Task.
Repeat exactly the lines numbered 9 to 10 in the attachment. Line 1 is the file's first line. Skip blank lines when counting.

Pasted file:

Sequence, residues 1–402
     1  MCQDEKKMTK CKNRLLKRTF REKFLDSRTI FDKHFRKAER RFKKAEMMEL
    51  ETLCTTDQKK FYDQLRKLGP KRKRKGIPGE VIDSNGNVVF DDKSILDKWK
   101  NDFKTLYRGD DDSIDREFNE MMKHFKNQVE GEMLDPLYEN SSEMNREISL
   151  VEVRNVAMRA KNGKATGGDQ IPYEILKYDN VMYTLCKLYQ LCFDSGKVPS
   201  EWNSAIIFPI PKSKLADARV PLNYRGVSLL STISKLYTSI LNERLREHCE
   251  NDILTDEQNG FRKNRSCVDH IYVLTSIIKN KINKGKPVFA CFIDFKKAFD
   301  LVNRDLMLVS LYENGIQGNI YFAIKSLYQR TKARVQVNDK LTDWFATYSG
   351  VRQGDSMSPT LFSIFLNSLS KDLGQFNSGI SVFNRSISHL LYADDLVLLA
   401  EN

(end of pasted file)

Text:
   351  VRQGDSMSPT LFSIFLNSLS KDLGQFNSGI SVFNRSISHL LYADDLVLLA
   401  EN